Detox is an essential part and the first step when recovering from addiction. It involves the body’s natural processes to remove the toxins from the body. Understanding how long it takes to detox from different substances is crucial. The longer it takes, the more likely you are to relapse. Many people think that detoxing from alcohol or other substances is a simple process, but it is not. Detoxing involves several stages of bodily changes that your body goes through to get rid of toxins in your system.
What Happens During Detox?
The first detox stage involves your liver and kidneys working together to remove unwanted chemicals from your body. Alcohol and drugs have many toxic by-products that can damage these organs if they remain in the bloodstream for too long. When these organs get rid of all the harmful chemicals, they will be able to function normally again. This process can take up to seventy-two hours or longer, depending on how much damage was done by the drug or alcohol you used before detox began. To help speed up this process, an individual will need to drink a lot of water to help speed up the process of flushing out these toxins from their system.
This water will also help replenish electrolytes like sodium and potassium, which are important for your body’s functioning since they regulate fluid balance. Rehydration also ensures that it does not become too acidic, leading to health problems like kidney stones, muscle cramps, and many other health issues. The second phase of detox occurs when the liver and kidneys try to flush the drugs and restore their functions once they have finished eradicating all of the toxins. Many things can affect how fast or slow this second phase goes depending on how much damage was caused by drugs or alcohol before detox began and how healthy these organs were before beginning this process.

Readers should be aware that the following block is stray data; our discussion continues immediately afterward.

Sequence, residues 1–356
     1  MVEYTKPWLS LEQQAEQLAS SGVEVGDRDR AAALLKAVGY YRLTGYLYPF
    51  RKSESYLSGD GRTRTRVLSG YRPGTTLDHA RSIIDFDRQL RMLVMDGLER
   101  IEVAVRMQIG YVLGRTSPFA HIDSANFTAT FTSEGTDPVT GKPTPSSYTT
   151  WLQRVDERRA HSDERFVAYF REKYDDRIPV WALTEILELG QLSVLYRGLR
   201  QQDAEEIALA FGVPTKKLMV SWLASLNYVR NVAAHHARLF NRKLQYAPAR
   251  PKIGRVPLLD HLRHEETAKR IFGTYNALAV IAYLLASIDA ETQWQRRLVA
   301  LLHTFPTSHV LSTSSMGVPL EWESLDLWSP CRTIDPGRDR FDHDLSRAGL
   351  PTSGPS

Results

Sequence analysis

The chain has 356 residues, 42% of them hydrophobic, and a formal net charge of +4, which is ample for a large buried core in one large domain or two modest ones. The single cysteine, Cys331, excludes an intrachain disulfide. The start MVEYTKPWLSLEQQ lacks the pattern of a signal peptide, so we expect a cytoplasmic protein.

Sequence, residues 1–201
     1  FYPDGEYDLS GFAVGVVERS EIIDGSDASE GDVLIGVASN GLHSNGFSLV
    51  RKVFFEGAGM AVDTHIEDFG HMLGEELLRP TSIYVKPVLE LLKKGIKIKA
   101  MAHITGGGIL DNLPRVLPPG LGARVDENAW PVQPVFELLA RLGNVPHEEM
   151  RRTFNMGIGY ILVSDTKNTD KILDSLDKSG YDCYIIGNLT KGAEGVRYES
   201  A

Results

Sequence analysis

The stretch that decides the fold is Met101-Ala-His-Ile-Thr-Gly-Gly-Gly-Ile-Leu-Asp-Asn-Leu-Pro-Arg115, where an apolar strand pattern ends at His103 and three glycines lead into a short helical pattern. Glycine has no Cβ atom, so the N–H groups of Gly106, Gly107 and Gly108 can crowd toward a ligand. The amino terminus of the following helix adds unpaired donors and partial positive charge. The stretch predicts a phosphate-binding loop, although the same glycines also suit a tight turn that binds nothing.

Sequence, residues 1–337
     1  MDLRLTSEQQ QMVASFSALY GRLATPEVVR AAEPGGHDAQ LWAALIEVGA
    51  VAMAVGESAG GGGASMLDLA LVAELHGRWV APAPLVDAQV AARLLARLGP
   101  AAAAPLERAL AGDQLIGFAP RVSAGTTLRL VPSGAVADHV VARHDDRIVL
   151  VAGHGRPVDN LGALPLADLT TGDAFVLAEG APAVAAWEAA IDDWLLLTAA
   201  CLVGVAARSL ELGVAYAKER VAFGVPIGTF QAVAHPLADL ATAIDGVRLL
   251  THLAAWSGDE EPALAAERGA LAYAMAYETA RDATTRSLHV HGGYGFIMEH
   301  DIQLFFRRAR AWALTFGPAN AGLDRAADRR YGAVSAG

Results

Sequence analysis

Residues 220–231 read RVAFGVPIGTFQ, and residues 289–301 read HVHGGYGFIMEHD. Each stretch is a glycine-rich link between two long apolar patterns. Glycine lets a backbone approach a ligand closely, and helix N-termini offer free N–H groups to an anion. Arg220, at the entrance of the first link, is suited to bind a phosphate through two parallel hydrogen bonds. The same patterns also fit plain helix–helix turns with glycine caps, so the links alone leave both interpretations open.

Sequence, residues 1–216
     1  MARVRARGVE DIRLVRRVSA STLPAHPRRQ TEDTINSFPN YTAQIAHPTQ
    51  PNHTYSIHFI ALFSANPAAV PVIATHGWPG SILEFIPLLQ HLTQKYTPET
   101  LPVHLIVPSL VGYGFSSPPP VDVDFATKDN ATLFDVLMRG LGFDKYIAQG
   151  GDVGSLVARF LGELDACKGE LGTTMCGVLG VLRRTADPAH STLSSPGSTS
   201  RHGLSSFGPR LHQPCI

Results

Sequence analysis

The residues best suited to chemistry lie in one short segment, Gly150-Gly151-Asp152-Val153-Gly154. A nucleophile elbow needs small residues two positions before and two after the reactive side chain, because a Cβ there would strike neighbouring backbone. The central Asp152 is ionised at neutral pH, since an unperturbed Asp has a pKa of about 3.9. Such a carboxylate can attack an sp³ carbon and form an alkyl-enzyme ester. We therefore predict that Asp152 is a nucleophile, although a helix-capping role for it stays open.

Detox Period for Different Drugs
Different drugs have different detox periods. For instance, alcohol detox may take a few days, but opiate detox may take weeks or even months. This is why it is important to know:
- What drugs you use
- For how long you have been using them
- The previous quantity consumed
- When you used them
The detox process can vary depending on how long the person has been using drugs or even what medication they are using. These detox programs can range from two weeks to months, depending on the severity of their addiction and how long they have been using them. The amount of time needed for each drug depends on its strength and how long it has been used in the past.
Alcohol Detox Vs. Opiate Detox
Alcohol detox takes a shorter period because the liver can process alcohol quickly, and the kidneys can remove it from the body. The liver does not have to do as much work to break down the toxins still in the body and can rest while the kidneys continue to remove them altogether. However, for opiates, the liver can not process opiates and their metabolites quickly. Therefore, it must continue to work on breaking down the toxins, or they will build up again. This is why opiate withdrawals are so dangerous. Depending on what drug and what withdrawal phase are being treated, there are many types of detox programs. Some people use cold turkey detox, which means they stop using their drugs entirely only to begin a detox program once they have completed the withdrawal process.
This is not recommended unless necessary because it can be risky and cause problems such as seizures if done incorrectly. The detox process can be very uncomfortable and may cause physical problems such as vomiting, diarrhea, pain, cramping, and fever. These side effects are commonly used to force the body to expel the toxins faster so that they do not build up again. Professional help must be sought during detox because it is hazardous to stop drugs suddenly. Addiction to some drugs requires monitoring and gradual withdrawal from the addictive agent. It is best to take it very slowly and to seek medical attention as soon as possible.